Monmouth did his best to stay the slaughter, not wanting men killed in cold blood, but after the battle was all over, about eight hundred Covenanters were killed and some fourteen thousand were taken prisoner. The next day, General Tam Dalyell came to the Government camp with a commission for Monmouth to succeed as commander-in-chief. 

After that, the Covenanter Rising ended.  There were lots of hangings and such things as that that most often follow a war. It turned out though, that that was not the last time they would have to face the Covenanters on the battle field (more about that next month!)

As of now, I will leave you till thursday when we will be talking about the Battle of Bannockburn!!

Slainte, Hazel

Monday, June 14, 2010

Betsy Ross

I will apologize right now that this is a rather lazy post, but I have family in town and have been incredibly busy the last few days! However, today is Flag Day in America, and that is the day that the first real American flag was adopted in the Revolutionary War. The person who created the original design was Betsy Ross. She was Scottish, don't you know?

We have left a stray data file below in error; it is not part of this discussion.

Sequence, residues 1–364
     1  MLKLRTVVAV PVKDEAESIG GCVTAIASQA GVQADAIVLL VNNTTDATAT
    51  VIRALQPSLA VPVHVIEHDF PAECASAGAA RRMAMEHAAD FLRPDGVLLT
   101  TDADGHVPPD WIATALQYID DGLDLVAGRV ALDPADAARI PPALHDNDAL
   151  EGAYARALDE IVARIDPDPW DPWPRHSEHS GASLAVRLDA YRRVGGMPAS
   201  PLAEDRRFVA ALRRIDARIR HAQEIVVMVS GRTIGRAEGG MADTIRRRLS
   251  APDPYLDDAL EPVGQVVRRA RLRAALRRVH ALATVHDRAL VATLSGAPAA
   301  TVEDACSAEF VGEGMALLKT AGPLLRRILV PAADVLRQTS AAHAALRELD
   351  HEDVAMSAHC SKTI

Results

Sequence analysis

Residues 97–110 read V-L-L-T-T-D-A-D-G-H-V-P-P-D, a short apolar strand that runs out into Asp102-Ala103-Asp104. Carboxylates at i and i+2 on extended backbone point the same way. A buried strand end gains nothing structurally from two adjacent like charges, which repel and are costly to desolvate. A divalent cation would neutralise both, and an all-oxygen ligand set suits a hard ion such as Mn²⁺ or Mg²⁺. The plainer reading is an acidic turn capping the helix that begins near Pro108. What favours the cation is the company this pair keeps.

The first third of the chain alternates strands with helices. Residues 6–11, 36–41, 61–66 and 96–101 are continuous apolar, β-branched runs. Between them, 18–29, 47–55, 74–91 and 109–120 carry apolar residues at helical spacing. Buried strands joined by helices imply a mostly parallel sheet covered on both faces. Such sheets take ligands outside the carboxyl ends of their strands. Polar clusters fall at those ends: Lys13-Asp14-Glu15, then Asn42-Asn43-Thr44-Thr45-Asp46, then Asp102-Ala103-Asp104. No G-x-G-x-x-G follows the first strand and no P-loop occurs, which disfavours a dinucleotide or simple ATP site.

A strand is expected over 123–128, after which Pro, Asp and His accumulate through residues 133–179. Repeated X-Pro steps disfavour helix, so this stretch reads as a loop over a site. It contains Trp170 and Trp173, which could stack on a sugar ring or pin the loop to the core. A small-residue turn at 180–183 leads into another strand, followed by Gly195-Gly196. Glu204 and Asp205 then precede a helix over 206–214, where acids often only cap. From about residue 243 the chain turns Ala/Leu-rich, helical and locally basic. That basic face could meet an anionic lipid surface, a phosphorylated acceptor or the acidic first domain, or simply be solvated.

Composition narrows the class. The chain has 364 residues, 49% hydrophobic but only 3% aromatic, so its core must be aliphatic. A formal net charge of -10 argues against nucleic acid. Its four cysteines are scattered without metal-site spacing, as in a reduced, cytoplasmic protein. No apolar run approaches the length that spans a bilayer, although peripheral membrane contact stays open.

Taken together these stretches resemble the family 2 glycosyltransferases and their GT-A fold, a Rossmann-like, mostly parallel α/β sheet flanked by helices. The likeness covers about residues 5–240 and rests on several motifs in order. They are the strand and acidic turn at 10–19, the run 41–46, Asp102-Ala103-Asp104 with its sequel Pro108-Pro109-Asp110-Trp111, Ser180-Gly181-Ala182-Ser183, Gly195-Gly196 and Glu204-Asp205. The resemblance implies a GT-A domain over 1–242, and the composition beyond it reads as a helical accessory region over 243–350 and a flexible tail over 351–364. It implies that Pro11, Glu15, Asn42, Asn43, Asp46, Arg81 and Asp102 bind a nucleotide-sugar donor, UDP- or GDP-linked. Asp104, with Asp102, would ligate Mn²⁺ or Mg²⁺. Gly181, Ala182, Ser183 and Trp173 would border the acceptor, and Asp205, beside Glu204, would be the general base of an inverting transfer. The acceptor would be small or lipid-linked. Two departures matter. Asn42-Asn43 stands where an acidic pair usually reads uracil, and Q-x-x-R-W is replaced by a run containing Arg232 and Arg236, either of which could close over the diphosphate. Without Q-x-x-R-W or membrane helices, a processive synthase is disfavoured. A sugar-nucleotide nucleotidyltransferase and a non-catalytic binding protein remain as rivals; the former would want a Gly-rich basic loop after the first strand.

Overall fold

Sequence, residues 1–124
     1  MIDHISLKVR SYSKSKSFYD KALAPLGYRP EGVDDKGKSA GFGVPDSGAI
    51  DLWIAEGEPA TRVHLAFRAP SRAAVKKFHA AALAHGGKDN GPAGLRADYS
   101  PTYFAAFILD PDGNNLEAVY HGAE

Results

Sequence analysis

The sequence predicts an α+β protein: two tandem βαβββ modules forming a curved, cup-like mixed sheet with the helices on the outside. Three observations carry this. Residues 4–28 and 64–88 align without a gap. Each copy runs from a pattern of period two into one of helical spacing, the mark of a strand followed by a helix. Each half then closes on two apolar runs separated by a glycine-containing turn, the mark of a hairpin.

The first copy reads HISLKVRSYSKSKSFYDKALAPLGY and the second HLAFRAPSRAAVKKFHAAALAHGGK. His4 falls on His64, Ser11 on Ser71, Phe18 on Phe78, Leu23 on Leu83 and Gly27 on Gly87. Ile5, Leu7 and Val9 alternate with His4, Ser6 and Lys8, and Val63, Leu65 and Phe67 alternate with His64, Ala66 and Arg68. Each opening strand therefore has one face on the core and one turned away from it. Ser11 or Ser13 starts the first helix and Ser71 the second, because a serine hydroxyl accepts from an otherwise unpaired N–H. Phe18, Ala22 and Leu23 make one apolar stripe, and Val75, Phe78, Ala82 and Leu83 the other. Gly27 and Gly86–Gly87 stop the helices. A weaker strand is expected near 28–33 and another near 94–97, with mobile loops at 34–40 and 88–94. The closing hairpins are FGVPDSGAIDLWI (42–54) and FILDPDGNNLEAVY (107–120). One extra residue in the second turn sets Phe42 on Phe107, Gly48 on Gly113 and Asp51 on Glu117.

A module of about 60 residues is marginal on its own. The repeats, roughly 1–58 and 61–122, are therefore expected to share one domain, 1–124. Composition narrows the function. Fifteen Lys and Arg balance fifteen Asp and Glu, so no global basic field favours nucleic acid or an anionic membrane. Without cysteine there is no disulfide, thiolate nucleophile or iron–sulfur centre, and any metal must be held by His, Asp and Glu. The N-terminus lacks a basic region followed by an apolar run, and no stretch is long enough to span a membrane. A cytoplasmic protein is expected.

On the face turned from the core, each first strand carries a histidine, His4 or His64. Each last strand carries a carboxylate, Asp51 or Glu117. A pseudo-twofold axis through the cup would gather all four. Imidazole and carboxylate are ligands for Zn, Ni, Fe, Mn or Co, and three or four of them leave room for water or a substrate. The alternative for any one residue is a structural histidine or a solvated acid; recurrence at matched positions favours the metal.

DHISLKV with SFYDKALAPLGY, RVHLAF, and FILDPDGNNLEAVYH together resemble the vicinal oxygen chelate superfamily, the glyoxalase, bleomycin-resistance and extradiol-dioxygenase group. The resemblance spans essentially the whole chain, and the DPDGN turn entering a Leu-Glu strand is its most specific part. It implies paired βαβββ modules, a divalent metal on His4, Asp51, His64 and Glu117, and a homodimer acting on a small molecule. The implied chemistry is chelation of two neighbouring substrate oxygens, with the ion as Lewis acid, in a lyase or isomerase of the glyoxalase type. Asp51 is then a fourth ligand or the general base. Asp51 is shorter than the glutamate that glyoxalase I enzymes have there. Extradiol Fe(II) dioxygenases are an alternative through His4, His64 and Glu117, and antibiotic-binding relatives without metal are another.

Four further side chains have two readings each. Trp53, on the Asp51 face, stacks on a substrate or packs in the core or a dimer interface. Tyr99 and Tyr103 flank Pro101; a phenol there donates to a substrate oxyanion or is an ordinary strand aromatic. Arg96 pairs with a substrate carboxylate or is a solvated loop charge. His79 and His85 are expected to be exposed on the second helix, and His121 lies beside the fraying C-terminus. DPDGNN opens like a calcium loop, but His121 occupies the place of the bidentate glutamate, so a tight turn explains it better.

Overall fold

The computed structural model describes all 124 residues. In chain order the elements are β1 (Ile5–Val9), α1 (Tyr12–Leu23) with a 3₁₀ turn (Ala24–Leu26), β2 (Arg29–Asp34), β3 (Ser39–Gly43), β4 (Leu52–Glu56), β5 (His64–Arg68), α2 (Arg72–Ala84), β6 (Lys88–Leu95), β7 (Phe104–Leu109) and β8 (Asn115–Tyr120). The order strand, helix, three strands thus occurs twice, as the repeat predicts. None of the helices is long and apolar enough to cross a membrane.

Betsy was the niece of one of the signers of the Declaration of Independence. (On that subject, did you know that there were nine Scots who signed it?) and she created the stars and stripes--then only bearing thirteen stars in a circle for the thirteen original colonies of America--and presented it to George Washington. Before this flag was created, the Americans used a flag that had the thirteen stripes but had the Union Jack in the corner where the stars are now. 

So that was just a little bit of information. I will try to be back later this week, or most likely next week to continue my summer battle season posts. 

Slainte, Hazel

Thursday, June 10, 2010

Battle of Glenshiel